No, residential landlords are not allowed to use any portion of a tenant’s security deposit during the term of the tenancy. After the tenancy has ended, the landlord can only apply the security deposit to damages to the apartment caused by the tenant (more than wear and tear) and unpaid rent.
In Massachusetts, residential landlord’s duties and responsibilities for holding/applying security deposits are governed by M.G.L. c. 186 §15B. Upon inception of a tenancy, landlords are only allowed to accept the following from a tenant:
1. First month’s rent;
2. Last month’s rent;
3. Security deposit; and,
4. Cost of purchase and installation of key and lock.
If a landlord collects security deposit from a tenant then a legally sufficient Apartment Condition Statement which conforms with the strict language of the statute must be completed and signed by the landlord and tenant at the time of move in. Moreover, landlords must keep and hold the security deposit in a separate, interest-bearing account at a bank located within the Commonwealth of Massachusetts. The prevailing interest rate of the bank holding the security deposit is deemed the property of the tenant and should be left in the account until the appropriate time. The landlord is responsible for providing certain documentation evidencing this to the tenant within 30 days after commencement of the tenancy.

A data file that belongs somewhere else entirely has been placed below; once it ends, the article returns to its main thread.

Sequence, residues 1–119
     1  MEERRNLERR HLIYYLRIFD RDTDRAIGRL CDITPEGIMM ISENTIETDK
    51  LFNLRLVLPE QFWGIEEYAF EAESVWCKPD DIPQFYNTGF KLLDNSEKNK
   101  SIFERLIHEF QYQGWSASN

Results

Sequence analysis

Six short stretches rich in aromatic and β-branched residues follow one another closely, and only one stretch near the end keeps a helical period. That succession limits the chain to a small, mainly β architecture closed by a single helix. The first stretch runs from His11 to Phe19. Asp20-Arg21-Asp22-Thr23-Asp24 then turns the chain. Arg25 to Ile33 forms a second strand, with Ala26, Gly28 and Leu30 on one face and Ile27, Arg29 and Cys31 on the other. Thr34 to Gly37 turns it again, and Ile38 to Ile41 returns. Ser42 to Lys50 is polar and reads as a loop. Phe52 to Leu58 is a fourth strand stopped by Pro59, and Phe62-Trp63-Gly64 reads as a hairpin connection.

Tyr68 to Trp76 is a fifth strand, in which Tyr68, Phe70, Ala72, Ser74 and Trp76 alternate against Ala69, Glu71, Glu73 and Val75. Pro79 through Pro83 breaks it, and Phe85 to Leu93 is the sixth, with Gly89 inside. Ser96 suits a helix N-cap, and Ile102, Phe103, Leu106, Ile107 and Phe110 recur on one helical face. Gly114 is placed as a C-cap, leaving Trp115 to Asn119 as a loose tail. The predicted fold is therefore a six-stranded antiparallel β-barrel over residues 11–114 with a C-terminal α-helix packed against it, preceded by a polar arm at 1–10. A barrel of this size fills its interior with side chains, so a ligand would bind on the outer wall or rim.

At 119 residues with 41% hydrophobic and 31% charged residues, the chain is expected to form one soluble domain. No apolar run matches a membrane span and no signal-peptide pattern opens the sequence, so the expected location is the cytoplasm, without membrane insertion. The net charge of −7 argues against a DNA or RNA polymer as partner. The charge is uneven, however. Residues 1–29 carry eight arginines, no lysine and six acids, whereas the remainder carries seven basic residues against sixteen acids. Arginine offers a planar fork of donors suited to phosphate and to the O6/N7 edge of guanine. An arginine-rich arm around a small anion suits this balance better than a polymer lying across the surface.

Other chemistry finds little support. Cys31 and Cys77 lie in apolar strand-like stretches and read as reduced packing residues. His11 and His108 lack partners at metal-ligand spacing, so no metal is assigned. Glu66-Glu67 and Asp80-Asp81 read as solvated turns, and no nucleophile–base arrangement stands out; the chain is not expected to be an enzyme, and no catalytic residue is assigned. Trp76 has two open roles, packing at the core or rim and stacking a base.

During the time the tenant has possession of the apartment, a landlord cannot access these funds as they are treated as the tenant’s property. After the tenant has vacated and the landlord has inspected the apartment for damage by comparing the aforementioned Apartment Condition Statement then the landlord may retain only the portion of the security deposit that is used to: (1) repair damage caused by the tenant to the apartment, the damage must be more than normal wear and tear, and (2) recoup any unpaid rent. If the landlord is retaining the security deposit to repair damage caused by the tenant then landlord must provide specific documents to the former tenant itemizing such repairs. These documents and the remaining security deposit plus interest must be provided to the former tenant within 30 days after the tenant has moved out.
The security deposit statute is very specific and a cause for headaches among landlords. The penalties for violation can result in substantial monetary damages to the landlord. If you have any questions regarding your obligations as a landlord or if you want to ensure you have the tools you need to insulate yourself from the pitfalls of holding a security deposit, please contact our office to speak with an attorney.